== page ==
|American Black Elderberry|
|Sambucus nigra subsp. canadensis||Synonym|
|Sun Requirements:||Full Sun
Full Sun to Partial Shade
|Soil pH Preferences:||Slightly acid (6.1 – 6.5)
Neutral (6.6 – 7.3)
|Minimum cold hardiness:||Zone 3 -40 °C (-40 °F) to -37.2 °C (-35)
|Maximum recommended zone:||Zone 9b
|Plant Height:||3 - 12 feet|
|Plant Spread:||6 -12 feet|
|Leaves:||Unusual foliage color
Edible to birds
|Fruiting Time:||Late summer or early fall
|Bloom Size:||Under 1"
|Flower Time:||Late spring or early summer
|Toxicity:||Leaves are poisonous
|Miscellaneous:||Tolerates poor soil
|Conservation status:||Least Concern (LC)
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|Posted by ILPARW (southeast Pennsylvania - Zone 6b) on Jan 4, 2018 1:26 PM
The American Black Elder or Elderberrry is a common shrub that inhabits bogs, swamps, marshes, bottomlands, along watercourses, and moist woods from Nova Scotia and southeast Canada, New England down through all of Florida to eastern Texas up through much of Oklahoma & Kansas & Nebraska, areas in the Dakotas into southern Manitoba. Stout, smooth, waxy twigs and stems with compound leaves of 5 to 11 leaflets, usually 7, and only a poor yellow-green fall color. Fragrant flat-topped flower clusters of 6 to 10 inches wide in June-July. Small globular purple-black berries in August-September loved by birds and small mammals and people; often made into jams, jellies, and wine. Fast growing, grows in heavy clay soils and yet tolerates heat and drought. Easy to transplant with shallow, fibrous root system, but it does ground sucker, at least in very moist soils. It is not a dirty, messy plant, but yet not real clean and neat, but it is a good shrub for landscapes. It is sold by large, diverse nurseries and native plant nurseries. I find a few planted in regular homeowner yards, but once again landscape designers and architects use it much more in professional conventional landscapes or in naturalistic landscapes.
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|Posted by mellielong (Lutz, Florida - Zone 9b) on Apr 17, 2015 8:47 PM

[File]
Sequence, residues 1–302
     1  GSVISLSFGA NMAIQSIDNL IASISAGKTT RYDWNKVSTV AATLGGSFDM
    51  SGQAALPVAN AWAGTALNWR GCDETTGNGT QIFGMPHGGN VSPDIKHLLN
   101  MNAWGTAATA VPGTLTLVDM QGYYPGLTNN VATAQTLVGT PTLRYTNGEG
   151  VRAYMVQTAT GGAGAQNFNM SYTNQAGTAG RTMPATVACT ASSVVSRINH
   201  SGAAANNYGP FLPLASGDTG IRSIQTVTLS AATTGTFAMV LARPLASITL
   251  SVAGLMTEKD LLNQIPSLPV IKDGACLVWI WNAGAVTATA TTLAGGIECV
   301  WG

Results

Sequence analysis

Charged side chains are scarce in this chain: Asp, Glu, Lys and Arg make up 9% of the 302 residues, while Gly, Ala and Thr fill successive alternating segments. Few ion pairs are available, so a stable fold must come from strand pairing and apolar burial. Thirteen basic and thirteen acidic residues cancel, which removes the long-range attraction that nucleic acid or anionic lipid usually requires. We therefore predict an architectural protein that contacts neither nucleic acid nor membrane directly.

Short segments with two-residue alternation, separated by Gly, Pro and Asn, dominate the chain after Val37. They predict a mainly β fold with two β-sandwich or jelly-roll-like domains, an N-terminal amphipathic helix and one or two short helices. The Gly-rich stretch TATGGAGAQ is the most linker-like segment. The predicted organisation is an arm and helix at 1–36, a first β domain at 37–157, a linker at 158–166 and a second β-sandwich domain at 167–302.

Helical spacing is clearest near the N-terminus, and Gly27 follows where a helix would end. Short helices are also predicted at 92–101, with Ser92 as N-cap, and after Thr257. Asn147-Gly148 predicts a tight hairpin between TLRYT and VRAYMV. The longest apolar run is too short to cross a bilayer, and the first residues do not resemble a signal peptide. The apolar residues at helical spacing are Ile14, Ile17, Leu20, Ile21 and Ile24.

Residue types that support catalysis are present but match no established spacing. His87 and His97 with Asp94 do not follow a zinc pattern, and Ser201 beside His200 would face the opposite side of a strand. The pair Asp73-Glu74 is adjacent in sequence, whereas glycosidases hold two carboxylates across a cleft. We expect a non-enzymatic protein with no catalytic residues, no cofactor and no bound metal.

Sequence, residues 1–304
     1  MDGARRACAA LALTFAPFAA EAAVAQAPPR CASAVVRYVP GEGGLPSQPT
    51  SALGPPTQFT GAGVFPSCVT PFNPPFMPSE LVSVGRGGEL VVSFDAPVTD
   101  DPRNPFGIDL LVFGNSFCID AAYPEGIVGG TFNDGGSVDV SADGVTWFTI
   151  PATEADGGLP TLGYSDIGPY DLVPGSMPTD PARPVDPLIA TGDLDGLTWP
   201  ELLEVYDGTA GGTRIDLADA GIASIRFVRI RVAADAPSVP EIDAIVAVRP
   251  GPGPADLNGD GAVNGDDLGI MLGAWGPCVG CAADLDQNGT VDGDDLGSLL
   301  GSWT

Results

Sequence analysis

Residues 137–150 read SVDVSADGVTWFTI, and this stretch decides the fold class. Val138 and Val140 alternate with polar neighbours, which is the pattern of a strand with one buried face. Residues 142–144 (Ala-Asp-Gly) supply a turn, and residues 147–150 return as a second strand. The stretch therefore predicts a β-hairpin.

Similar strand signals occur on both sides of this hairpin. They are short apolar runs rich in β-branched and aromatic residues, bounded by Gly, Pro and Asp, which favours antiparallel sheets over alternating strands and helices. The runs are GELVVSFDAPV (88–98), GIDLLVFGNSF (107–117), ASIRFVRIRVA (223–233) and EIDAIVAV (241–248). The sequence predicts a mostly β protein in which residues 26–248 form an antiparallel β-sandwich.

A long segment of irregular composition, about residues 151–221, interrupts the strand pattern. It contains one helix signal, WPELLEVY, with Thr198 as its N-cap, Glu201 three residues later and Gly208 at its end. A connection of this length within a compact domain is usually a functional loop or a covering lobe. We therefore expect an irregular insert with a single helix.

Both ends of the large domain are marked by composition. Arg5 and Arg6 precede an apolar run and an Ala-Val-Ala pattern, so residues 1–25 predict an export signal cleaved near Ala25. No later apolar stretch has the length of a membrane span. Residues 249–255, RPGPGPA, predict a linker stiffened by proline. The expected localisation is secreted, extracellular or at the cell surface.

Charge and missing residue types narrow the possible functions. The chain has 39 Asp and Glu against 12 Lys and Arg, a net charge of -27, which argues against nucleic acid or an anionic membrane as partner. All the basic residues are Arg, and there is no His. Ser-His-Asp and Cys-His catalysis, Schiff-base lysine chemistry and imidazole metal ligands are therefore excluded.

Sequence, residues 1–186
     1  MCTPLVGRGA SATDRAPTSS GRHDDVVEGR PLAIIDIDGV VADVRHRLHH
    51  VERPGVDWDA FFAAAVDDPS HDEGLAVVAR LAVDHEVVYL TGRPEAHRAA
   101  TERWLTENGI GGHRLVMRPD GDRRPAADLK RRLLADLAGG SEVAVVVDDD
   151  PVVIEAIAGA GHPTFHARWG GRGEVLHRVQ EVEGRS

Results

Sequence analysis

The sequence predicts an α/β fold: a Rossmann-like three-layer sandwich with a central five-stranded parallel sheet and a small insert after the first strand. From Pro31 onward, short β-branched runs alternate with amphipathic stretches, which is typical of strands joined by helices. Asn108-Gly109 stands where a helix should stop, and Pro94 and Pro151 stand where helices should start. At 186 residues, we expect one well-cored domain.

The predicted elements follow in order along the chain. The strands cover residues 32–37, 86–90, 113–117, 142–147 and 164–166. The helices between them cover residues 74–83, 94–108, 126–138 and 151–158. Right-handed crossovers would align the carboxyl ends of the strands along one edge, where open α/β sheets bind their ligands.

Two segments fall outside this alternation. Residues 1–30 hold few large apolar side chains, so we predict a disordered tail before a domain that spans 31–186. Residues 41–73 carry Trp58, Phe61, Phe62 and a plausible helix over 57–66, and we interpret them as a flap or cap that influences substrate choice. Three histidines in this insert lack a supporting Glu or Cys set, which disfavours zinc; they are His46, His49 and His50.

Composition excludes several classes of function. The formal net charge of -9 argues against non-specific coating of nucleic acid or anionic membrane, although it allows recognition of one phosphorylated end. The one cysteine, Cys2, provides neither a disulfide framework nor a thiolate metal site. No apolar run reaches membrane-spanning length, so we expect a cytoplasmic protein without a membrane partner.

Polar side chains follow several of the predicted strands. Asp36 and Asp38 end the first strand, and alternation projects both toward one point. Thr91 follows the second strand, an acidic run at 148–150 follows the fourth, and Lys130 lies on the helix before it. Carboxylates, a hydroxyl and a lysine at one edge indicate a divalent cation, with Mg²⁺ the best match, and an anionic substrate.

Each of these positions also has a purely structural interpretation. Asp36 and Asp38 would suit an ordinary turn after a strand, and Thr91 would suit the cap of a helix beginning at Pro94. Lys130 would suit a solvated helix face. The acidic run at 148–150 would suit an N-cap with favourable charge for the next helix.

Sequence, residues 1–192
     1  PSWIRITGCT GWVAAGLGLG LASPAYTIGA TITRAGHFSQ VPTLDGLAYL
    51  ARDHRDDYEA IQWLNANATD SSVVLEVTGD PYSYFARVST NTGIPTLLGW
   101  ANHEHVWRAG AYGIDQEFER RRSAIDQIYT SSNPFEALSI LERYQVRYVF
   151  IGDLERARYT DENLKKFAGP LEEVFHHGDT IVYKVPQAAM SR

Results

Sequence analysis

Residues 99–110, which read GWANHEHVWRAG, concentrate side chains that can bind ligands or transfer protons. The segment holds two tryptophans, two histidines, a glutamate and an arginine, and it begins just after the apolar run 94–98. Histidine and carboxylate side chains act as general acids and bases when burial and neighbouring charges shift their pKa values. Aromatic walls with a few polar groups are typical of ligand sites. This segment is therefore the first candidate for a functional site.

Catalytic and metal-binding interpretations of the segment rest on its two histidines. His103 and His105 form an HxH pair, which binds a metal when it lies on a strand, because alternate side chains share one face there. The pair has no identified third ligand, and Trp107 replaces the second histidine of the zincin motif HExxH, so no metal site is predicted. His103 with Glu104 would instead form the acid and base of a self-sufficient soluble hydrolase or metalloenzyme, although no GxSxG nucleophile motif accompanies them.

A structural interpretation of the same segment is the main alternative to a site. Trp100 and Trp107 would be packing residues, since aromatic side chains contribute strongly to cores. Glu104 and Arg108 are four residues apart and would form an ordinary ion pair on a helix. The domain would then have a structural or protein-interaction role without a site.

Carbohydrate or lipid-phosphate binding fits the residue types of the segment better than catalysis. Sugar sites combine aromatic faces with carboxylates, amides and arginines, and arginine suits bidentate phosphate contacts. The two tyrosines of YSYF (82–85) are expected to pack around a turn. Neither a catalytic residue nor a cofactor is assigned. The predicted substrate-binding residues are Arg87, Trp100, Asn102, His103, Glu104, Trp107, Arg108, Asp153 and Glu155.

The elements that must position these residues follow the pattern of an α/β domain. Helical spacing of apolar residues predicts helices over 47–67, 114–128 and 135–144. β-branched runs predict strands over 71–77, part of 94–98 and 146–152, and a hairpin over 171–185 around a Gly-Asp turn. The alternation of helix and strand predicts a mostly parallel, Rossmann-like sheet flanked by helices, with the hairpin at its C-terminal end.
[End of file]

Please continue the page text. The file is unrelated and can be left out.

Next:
The book, "How to Know the Wildflowers" (1922) by Mrs William Starr Dana gives us quite a bit of historical information about this plant. The author notes that the plant borders the lanes and streams and blooms in early summer. Later in the year, the plant produces dark berries from which "elderberry wine is brewed by the country people". The fine white wood is easily cut and used for pegs and skewers. She also claims a decoction of the leaves can protect delicate plants from caterpillars. Regarding the name, she says the "white pith can be easily removed from the stems, hence the old English name of bore-wood." She further explains that the name elder is probably derived from the Anglo-Saxon "aeld" meaning fire, and refers to the use of the hollow branches in "blowing up a fire".
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|CraftyFox||On July 9, 2021||Cuttings stuck
Stuck cuttings down by along the mouth of the creek this year, hoping they will do better than the ones we stuck the year before.. Further up the creek.
|CraftyFox||On May 1, 2018||Cuttings stuck
Cuttings were stuck in 3 different locations to evaluate the differences.. If any. All were buried at least another set of nodes from the rooted area, most 2-3 nodes. Those in a raised burm required watering and suffered during droughts.. 2 seasons before I began to consider them established. The others were struck in full sun and part-sun locations, both establishing themselves and suckering by the next spring. I removed most of the fruit both of the first seasons.. They both seem to grow and yield the same currently, though I have more issues with sawfly on the one in full sun. I would definitely recommend watering these the first year as cuttings.. Or placing them in aquatic transition zones and anywhere else you may have high moisture with decent airflow.
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